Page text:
Apple’s third generation iPod Shuffle is arguably the Cupertino company’s greatest engineering feat.

Cramming 4GB of storage, voice functionality and playlists into this smallest of iPods shows just how far the definitive jukebox has come. The original iPod packed the same 1,000 track space, but came in at a massive 20 times the size.

Size matters

There’s just no ignoring the fact that the new iPod Shuffle is a classic piece of design. As well as being roughly as small as a USB drive, it comes with the ability to stash about 1,000 average quality AACs.

That’s plenty, if not a tad too much, for gym bunnies and fitness freaks to keep moving to. The clip round the back is also now sturdier, so it won’t go snap if you clasp it to your vest or ski jacket and take a tumble.

Hear me, feel me

But, as with any Apple gadget, there has to be something contentious. Jonny Ive and pals have managed to slim down the Shuffle by taking the buttons from the main bod’ and sticking them on the headphone cable.

This is nothing new for Apple of course, having designed similar buds for the iPhone. However, it does cause some issues, largely thanks to the unsurprisingly weak sound of the supplied earphones. Classic Stevie Wonder lost its punch, The Go! Team lacked any edge.

All is not lost if you want to use your own buds with the new Shuffle though. Apple has said third parties will be making cable extensions with controls available, letting you plug in your own better ear pounders. 

Good news, but it should be remembered that the Shuffle isn’t exactly aimed at audiophiles and those able or willing to splash out on noise–cancelling monsters.

Fiddly controls

On the down side, the controls themselves can be fiddly. You click up or down to boost or ease volume, once in the middle to pause, twice to skip forward and thrice to go back.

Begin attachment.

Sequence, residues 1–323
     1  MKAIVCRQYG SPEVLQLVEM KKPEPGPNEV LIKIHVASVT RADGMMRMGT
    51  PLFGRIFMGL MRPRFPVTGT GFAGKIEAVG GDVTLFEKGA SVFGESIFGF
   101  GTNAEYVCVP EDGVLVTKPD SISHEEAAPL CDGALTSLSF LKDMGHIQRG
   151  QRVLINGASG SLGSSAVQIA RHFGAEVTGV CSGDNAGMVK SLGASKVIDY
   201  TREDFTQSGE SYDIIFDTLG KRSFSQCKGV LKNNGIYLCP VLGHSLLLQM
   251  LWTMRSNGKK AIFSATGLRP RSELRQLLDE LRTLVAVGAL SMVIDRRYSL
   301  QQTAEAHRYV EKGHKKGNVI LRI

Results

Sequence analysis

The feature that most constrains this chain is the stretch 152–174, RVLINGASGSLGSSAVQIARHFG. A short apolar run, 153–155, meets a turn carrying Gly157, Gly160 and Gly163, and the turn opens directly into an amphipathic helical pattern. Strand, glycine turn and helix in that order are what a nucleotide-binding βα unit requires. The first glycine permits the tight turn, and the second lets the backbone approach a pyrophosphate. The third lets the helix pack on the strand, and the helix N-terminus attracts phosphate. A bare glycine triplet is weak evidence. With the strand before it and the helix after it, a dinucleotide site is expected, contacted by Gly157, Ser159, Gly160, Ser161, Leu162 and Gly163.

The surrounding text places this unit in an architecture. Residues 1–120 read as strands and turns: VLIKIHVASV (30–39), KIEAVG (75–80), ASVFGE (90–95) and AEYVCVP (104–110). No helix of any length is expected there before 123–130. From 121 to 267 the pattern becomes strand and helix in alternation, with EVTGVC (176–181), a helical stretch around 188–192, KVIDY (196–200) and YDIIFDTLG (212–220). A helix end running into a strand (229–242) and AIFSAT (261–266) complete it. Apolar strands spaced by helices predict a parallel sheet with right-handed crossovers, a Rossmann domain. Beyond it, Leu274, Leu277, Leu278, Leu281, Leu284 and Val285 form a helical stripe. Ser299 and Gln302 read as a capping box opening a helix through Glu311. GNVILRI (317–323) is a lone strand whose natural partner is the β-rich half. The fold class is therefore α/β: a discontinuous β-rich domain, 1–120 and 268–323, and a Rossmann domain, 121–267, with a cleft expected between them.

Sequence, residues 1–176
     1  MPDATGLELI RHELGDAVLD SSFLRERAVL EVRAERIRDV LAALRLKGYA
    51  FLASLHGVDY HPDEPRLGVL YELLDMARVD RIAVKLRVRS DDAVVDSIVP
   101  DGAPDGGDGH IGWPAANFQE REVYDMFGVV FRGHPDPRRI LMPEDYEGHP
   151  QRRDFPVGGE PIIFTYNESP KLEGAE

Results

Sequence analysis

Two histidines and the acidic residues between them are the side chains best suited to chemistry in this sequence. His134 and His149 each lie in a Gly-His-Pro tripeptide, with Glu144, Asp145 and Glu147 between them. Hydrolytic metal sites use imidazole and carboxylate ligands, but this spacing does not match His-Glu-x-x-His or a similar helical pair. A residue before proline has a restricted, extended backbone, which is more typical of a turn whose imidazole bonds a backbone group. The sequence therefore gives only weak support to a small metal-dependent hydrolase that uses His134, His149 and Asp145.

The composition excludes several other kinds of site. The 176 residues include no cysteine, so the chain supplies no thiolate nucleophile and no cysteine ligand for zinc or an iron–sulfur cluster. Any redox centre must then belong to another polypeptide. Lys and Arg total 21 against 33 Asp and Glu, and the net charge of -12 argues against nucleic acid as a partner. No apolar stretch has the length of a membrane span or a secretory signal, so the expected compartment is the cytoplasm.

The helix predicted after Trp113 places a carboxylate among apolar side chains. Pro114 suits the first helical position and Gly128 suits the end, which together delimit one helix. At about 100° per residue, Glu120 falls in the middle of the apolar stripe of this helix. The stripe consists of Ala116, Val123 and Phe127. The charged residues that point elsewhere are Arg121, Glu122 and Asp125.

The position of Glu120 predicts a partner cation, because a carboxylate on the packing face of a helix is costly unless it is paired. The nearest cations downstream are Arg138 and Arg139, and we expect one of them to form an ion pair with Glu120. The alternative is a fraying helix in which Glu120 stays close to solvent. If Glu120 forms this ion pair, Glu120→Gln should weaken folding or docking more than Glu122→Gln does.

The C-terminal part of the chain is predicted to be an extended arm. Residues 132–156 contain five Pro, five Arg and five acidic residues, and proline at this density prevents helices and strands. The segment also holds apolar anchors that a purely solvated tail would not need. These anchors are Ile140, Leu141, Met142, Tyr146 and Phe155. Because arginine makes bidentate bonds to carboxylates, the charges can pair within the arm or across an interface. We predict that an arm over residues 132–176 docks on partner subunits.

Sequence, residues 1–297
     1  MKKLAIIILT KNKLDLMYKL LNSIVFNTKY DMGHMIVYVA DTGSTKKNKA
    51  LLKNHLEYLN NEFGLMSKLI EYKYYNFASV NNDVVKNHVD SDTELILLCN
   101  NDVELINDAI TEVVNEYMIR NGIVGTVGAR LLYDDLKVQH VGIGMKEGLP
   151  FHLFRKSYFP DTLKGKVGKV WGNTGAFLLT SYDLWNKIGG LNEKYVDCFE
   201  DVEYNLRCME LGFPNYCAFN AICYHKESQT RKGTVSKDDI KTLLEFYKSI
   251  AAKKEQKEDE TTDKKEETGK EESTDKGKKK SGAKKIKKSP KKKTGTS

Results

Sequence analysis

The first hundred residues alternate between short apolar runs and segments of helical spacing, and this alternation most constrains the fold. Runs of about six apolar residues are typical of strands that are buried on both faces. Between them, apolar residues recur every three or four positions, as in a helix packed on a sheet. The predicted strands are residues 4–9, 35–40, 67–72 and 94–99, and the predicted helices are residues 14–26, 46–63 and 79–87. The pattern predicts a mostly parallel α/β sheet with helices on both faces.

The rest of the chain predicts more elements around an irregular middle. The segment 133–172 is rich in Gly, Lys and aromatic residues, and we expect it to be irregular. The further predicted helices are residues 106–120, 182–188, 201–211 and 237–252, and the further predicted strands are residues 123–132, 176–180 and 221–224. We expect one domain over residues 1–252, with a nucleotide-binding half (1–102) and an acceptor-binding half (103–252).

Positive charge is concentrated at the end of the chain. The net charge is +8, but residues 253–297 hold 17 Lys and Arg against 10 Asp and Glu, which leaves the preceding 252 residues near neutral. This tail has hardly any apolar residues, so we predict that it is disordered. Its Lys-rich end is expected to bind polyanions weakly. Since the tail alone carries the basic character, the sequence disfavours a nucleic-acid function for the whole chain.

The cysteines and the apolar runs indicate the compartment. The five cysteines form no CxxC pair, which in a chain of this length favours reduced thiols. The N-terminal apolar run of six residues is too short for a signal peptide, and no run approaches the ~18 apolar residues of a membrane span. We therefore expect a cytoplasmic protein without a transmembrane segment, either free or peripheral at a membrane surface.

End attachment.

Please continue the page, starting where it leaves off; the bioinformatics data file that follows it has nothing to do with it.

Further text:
In reality, this can become a tricky business, suggesting Mr Jobs would rather you just listened to all your tracks in one sitting. That said, those buttons do contain access to the new iPod Shuffle’s greatest trick – telling you what you’re listening to.




Speak to me

The talk function has been a big talking point when it comes to the new Shuffle. Hold the central button down and a rather polite gentleman will tell you what you’re listening to.

PC users will get a different voice, which does sound far more automated than the Apple virtual announcer. It does struggle with certain artists, ‘!!!’ being a particular example.

Access to playlists is also a breeze, thanks to the controls. Hold down and get the name of the tune you’re listening to long enough and you’ll hear a beep, followed by the name of the playlist the track features in. The Shuffle will then play that mix in full.

There’s no denying that some will find the heavy reliance on the notoriously cheap earphones infuriating. But for a first MP3 player, or even as a back up for when your Touch runs out of juice, you just cannot beat the new Shuffle. Awesome design, great storage and novel features make it the leader of the pack.


Stuff says... 

Apple iPod Shuffle 3G review

A fine basic MP3 player, perfect for gym bunnies and those after a second jukebox. Shame about the reliance on the basic headphones